Malware affects over 85M Android devices; Philippine users among top 3

  • Millions of Android devices are affected by a Malware released by a Chinese firm
  • In the list of top 20 countries most affected by the malware, the Philippines ranks third
  • The malware is used to earn fraudulent ad revenue amounting to around $300,000 monthly

Over 85 million Android devices are currently infected and controlled by a malware called HummingBad that was released by a Chinese firm to earn fraudulent ad revenue.

Researchers stated that the malware earns about $300,000 monthly.

The software intelligence blog, Check Point, explained to the public through a post that the YingMob group was the one who released HummingBad.

Interestingly, YingMob is connected to a legitimate advertising firm that Check Point said shares technology and resources with the malware group. Check Point claims the firm is a Beijing-based multimillion-dollar advertising analytics agency.

“Yingmob has several teams developing legitimate tracking and ad platforms. The team responsible for developing the malicious components is the ‘Development Team for Overseas Platform’ which includes four groups with a total of 25 employees,” Israel-based Check Point said in their post.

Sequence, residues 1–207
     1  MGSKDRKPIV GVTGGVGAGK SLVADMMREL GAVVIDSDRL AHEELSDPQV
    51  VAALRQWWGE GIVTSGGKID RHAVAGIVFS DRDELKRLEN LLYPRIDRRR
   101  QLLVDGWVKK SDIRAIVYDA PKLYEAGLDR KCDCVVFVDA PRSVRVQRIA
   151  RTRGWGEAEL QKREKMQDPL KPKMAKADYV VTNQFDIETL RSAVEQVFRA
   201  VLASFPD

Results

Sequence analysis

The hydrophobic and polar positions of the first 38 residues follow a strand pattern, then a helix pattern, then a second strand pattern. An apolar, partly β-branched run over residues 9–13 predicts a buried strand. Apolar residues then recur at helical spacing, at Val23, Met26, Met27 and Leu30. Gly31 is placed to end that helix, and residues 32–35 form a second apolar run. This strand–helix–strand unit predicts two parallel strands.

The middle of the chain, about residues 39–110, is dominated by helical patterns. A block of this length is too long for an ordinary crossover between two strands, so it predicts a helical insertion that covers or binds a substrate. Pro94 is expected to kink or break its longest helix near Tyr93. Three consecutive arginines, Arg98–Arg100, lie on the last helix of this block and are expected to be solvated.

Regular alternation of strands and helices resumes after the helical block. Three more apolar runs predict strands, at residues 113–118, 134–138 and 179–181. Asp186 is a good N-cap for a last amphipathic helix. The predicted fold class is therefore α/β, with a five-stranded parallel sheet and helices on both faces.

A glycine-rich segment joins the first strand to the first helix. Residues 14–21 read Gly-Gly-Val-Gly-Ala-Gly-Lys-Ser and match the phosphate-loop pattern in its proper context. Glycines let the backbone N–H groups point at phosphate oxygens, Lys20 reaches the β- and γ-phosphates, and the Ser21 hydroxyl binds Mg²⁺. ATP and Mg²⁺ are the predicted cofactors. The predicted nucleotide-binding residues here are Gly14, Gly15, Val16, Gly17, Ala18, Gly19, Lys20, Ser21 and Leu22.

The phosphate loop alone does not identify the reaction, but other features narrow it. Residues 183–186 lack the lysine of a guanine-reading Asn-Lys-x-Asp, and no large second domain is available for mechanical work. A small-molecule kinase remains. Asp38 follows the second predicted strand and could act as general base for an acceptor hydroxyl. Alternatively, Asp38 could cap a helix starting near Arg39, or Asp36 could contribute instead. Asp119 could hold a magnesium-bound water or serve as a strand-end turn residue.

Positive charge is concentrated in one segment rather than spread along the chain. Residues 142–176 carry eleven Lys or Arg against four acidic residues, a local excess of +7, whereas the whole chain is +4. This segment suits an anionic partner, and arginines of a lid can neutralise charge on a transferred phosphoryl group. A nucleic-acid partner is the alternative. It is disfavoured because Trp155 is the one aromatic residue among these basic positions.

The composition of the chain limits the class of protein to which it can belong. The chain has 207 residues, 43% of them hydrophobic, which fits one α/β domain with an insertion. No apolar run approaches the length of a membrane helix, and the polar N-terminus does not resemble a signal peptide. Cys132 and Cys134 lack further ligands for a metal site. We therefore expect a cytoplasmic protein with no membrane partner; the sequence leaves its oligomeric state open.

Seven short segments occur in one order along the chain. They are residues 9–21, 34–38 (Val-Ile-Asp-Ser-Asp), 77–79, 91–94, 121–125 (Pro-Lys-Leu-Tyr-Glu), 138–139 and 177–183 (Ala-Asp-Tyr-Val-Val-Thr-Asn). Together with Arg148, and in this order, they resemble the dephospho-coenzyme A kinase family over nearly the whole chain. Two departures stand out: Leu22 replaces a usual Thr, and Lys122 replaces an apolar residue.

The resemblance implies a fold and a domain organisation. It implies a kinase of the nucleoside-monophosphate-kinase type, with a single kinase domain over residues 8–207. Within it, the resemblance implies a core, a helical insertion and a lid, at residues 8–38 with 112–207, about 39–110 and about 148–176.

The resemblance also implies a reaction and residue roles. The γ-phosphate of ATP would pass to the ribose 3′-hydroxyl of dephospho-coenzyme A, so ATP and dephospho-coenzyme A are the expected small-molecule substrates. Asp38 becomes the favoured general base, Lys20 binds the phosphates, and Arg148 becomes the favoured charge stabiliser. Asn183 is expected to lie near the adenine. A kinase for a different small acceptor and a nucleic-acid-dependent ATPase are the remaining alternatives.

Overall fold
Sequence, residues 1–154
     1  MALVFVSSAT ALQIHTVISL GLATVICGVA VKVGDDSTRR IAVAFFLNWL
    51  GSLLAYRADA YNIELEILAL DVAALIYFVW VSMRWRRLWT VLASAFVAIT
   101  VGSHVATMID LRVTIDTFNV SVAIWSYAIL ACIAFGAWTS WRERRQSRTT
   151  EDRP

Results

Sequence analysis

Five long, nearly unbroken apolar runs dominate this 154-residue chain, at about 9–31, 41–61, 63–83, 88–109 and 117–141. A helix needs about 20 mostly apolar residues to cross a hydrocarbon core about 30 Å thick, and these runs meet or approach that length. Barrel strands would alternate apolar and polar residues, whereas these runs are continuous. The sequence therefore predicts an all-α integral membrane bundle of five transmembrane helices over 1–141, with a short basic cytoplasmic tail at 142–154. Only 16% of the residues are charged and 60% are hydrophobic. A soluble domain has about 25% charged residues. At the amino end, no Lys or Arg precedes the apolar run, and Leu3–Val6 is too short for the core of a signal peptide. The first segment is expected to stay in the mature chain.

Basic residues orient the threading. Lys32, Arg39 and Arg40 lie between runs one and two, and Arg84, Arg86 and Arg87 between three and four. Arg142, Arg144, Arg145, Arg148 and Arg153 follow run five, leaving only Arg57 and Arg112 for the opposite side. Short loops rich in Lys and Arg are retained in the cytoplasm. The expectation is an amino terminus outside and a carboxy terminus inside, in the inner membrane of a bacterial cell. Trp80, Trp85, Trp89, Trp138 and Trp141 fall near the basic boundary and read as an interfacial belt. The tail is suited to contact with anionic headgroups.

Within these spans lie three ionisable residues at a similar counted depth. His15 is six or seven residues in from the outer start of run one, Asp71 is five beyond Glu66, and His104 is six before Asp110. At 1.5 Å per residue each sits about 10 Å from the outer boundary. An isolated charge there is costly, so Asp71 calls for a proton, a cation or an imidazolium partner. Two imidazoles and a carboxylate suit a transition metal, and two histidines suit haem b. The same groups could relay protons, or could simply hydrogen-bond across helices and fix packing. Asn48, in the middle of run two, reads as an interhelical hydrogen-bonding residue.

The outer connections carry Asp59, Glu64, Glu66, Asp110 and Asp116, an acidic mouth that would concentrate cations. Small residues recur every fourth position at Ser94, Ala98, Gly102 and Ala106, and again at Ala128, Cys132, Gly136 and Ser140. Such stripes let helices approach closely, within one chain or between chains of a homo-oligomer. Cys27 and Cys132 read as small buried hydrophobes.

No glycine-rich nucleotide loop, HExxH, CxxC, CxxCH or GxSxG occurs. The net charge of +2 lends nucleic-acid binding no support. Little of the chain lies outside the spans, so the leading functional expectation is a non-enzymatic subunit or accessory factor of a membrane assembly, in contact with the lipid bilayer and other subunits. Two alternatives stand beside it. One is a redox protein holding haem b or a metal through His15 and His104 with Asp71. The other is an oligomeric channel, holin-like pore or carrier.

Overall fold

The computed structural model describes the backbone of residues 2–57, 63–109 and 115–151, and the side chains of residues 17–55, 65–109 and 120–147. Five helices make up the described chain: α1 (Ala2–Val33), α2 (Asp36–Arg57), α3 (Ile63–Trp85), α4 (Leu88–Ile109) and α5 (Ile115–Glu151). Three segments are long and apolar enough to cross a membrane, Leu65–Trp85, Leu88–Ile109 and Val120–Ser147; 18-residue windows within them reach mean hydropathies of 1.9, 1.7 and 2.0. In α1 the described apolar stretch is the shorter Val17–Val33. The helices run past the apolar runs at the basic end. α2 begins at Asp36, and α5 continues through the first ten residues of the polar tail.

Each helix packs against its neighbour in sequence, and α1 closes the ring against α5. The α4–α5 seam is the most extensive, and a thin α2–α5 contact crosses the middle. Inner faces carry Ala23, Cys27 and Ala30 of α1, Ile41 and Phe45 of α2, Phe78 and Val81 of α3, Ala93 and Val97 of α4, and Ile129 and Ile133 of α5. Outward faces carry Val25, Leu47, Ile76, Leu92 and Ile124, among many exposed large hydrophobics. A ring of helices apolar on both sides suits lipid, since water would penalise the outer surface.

The blog further explained that what HummingBad does is that it “establishes a persistent rootkit on Android devices, generates fraudulent ad revenue, and installs additional fraudulent apps.”

The malware has rooting capabilities which means that the YingMob is able to create a botnet and carry out targeted attacks on organizations and government agencies. They could potentially sell access of the botnet to other cybercriminals. This risks the data that is in the infected devices.

Almost 10 million users are using infected applications. In the list of the most affected countries posted by CNBC, the Philippines rank third with over 520,000 people using infected applications. The top 2 are China and India; each with over 1 million infections, respectively.

Dan Wiley, the head of the incident response team of Checkpoint, told The Guardian that most people got infected because they installed a “less-than hygienic” app from a third-party Android store. People must have visited a dubious website that prompted them to install a piece of software containing a hidden payload and once this is installed, the malware invites even more of its friends.